The deliberate use of black and white automatically gave the film a sense of realism and drama as contrasted against spectacle and fantasy. The introduction of CinemaScope also introduced the use of framing and camera angle, techniques that were used in High Noon to emphasize the growing nervousness and uncertainty in Marshall Kane as well as the passage of time (a clock is featured in nearly every scene). This ticking clock plays a central role in the plot as the hands move slowly but inexorably toward the high spot and the gun fight between Kane and Miller.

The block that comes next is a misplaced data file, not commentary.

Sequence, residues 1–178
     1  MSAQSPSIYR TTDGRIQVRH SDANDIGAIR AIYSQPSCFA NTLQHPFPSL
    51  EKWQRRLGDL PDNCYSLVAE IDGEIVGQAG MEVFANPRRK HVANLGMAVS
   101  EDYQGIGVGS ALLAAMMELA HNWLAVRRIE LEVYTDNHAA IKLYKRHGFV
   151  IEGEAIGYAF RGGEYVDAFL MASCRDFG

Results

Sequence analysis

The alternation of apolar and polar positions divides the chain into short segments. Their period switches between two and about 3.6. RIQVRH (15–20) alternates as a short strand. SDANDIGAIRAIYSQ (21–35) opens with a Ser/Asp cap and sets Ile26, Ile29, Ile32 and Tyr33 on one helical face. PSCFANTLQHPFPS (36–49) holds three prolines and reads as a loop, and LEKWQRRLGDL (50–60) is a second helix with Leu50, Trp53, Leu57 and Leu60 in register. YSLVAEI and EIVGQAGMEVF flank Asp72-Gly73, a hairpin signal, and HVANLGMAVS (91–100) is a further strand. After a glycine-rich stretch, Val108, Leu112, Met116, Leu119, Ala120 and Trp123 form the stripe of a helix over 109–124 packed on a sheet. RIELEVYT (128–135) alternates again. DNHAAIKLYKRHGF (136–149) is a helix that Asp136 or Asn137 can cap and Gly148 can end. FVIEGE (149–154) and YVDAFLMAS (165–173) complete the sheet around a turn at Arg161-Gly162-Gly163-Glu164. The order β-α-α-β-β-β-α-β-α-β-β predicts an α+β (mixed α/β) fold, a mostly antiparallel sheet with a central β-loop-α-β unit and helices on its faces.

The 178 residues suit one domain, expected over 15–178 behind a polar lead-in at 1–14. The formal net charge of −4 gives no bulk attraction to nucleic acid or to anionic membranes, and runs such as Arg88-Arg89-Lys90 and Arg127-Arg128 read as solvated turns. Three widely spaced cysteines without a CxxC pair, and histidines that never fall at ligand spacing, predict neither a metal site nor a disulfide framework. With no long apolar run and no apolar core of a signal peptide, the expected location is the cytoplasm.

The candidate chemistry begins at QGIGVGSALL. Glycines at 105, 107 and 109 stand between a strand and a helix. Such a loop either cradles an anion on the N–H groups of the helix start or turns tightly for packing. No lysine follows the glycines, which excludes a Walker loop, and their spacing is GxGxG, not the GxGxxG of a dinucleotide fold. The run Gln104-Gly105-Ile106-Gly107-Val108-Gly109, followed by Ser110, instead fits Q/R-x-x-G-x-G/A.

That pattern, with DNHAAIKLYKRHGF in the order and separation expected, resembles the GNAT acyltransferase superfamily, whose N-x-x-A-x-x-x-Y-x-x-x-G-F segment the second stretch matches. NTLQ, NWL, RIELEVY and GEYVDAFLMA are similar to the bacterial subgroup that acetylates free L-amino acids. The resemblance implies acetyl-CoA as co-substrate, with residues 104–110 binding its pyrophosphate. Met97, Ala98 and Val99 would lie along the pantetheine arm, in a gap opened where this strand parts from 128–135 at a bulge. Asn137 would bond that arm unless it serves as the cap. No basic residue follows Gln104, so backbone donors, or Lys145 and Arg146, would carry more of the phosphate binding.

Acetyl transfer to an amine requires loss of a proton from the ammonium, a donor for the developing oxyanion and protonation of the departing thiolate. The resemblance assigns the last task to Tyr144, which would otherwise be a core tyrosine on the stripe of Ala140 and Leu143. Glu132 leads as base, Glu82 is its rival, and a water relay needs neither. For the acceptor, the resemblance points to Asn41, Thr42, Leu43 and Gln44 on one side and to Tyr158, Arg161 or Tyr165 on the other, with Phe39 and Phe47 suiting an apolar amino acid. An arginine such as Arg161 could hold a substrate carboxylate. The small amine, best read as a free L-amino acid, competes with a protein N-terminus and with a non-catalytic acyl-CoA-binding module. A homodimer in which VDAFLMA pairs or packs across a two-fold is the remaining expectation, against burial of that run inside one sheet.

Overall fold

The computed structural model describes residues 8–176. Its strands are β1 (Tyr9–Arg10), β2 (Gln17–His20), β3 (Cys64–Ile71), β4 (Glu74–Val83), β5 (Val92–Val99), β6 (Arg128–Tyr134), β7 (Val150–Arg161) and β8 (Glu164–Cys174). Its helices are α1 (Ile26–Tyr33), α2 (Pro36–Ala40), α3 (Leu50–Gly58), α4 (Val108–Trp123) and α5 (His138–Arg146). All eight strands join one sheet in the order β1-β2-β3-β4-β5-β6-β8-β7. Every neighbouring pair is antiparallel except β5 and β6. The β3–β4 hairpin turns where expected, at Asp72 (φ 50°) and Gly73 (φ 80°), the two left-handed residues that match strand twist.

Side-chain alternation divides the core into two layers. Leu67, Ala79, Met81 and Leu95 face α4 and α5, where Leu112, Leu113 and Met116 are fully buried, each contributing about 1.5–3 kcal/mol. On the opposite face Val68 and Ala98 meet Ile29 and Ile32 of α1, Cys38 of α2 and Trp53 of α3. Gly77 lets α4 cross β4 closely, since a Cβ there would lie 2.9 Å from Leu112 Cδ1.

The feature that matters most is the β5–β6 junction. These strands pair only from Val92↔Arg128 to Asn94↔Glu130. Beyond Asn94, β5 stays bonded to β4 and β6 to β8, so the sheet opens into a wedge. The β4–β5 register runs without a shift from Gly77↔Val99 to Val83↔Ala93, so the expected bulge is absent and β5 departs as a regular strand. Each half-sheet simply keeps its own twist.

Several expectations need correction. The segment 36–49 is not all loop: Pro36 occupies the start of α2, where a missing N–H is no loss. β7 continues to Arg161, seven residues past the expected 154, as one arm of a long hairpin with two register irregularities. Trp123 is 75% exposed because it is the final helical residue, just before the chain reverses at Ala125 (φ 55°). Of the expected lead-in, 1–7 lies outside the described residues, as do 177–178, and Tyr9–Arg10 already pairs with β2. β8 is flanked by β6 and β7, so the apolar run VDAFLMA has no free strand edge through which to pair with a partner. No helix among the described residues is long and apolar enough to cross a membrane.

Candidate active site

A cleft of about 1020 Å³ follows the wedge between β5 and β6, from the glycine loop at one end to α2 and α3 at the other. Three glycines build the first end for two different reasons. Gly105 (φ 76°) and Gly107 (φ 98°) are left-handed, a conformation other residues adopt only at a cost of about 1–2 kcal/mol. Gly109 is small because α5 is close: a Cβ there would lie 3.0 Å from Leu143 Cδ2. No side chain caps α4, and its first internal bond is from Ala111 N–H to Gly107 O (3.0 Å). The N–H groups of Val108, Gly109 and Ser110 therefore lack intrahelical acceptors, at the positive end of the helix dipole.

The strong female character is somewhat surprising in this early film. According to Jackie Stacey (1994), women had already become recognized as the consumers of the household by the 1950s, a fact that gave them a new power outside of the home. Women were beginning to redefine their passive role in society and being “addressed as individuals and encouraged to reproduce their ‘individuality’ through the consumption of clothes, make-up and household goods” (Stacey, 1994: 186). High Noon is exceptional in that it provides women with two opposing yet equally strong female role models, the angel Amy and the vamp Helen. Helen is understood to have had several lovers, including bad guy Frank Miller, good guy Will Kane and ex-deputy Harvey Pell. She owns several businesses – she is seen selling her store (in which she has been a silent partner) and it is her name on the saloon. She is fiercely independent, having no qualms about kicking Harvey out when he displeases her, and wise about the people around her. Amy is similarly strong although this is not immediately apparent during the wedding ceremony. However, it is because of her religious beliefs that the ceremony takes place at the justice of the peace rather than in the church and she remains strong in her refusal to condone